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I hope [this]( article is the result of “Iraqi officials” messing with the New York Times:

>After discussions with the Bush administration, several of Iraq’s major political parties are in talks to form a coalition whose aim is to break the powerful influence of the radical Shiite cleric Moktada al-Sadr within the government, senior Iraqi officials say.

The US wanting to form a new coalition – I can live with that. The idealist in me says that Iraqi politics should happen without international meddling, but I realise that isn’t going to happen. Openly making it a specifically anti-Sadr coalition, though? That’s just going to needlessly piss off Sadr and his followers. Worse, openly making it an _American-backed_ anti-Sadr coalition. No way that’ll energise the Shiite militias, is there?

You furnish the ads, I’ll furnish the coup

You’ve just staged a military coup on a Pacific island, but your cronies don’t seem up to the job of running the country. What do you do? You take out newspaper ads to recruit your cabinet, of course.

Don’t mention the intifada

The Baker report’s brief mention of Israel didn’t get so much attention in the West, but it got much more in the Arab world.

Talking about linking Israel into a solution in Iraq might have sounded like a good, open-minded approach from an American perspective. But it is never going to look good in Arab eyes, because any American position on Israel and Palestine will always be an thousand miles away from anything popular with Arabs. So Al-quds al-arabi complains ([English](

The report focused on the need to find a solution to the Arab-Israeli conflict. It criticized the American administration, which has neglected this issue in the last few years. However, it did not provide acceptable solutions taking Arab and Palestinian interests into account. It did not touch on Israeli terrorist practices and the silence of the American administration.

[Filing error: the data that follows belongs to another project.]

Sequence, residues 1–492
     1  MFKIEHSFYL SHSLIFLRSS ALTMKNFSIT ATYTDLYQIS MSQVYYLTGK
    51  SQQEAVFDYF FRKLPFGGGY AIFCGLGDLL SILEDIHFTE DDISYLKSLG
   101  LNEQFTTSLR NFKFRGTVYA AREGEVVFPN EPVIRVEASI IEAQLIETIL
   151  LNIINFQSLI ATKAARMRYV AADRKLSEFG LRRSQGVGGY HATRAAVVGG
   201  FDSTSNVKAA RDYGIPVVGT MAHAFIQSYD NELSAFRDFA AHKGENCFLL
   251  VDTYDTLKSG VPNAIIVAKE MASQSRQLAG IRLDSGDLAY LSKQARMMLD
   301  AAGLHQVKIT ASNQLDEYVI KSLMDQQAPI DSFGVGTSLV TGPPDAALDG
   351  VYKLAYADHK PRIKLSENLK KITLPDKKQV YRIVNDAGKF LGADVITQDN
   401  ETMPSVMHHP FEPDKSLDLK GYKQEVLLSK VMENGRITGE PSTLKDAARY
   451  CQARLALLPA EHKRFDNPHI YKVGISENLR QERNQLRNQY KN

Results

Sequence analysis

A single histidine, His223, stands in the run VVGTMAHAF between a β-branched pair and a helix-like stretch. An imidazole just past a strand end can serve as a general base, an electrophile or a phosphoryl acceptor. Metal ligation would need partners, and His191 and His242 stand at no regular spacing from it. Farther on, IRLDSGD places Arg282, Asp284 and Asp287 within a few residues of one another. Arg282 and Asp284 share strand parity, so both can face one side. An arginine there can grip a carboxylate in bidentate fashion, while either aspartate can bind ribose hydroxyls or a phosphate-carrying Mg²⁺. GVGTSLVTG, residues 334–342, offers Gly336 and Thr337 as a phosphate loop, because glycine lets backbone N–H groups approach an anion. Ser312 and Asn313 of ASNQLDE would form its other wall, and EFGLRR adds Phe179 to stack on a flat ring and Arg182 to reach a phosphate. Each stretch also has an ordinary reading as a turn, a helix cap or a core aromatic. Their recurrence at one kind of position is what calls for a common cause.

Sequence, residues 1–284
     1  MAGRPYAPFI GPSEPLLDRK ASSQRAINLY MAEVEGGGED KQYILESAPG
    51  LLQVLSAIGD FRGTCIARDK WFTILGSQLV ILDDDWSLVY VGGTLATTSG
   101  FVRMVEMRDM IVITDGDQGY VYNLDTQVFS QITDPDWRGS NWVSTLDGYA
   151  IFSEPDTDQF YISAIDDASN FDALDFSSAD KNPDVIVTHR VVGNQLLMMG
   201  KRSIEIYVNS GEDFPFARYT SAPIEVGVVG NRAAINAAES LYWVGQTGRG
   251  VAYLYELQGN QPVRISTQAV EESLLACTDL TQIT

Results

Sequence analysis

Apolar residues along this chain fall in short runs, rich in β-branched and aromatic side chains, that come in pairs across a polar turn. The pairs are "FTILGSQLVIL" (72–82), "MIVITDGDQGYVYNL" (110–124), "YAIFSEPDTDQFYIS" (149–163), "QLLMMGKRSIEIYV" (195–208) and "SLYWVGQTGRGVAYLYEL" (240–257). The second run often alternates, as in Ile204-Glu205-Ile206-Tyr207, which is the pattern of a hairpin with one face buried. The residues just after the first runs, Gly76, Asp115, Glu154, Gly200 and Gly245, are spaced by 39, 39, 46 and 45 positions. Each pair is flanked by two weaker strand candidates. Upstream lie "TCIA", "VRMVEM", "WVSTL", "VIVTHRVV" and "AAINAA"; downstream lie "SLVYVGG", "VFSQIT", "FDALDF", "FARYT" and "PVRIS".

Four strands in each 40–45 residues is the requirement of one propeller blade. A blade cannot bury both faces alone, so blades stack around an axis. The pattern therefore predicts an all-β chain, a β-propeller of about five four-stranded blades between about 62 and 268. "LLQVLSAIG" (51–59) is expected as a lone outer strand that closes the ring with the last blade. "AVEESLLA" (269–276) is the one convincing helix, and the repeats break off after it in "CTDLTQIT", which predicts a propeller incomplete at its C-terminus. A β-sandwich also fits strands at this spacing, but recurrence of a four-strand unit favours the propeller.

What the report said was about as innocuous as a US government statement on Israel could get:

>The United States cannot achieve its goals in the Middle East unless it deals directly with the Arab-Israeli conflict and regional instability. There must be a renewed and sustained commitment by the United States to a comprehensive Arab-Israeli peace on all fronts: Lebanon, Syria, and President Bush’s June 2002 commitment to a two-state solution for Israel and Palestine. This commitment must include direct talks with, by, and between Israel, Lebanon, Palestinians (those who accept Israel’s right to exist), and Syria.

The problem is that the Iraq Study Group has its tactics all wrong: Iraqis and Americans will never agree over Israel, and talking about it only causes trouble. The best solution is to take the same approach as with Iran’s nuclear program: keep the issues separate, try to negotiate on each problem separately. If the US follows the ISG recommendations and talks about Israel and Iraq in the same breath, they’re hobbling themselves, making it politically much more difficult for any Iraqi groups to negotiate.

Also, note that [Dar al hayat]( ([English]( has a much more neutral comment that the report “calls for action on the Arab-Israeli conflict andt he establishment of the Palestinian state”.

Some less negative Arab press reactions to the report [here]( and [here]( And bear in mind that Israel is slightly less all-consuming within Iraq than it is for the pan-Arab media – although it is still an immensely emotive topic.

moderate hat-eating

Hmm…I may have been a little hasty with that last post – the Israel reference in the ISG report has actually gone down quite well in many places.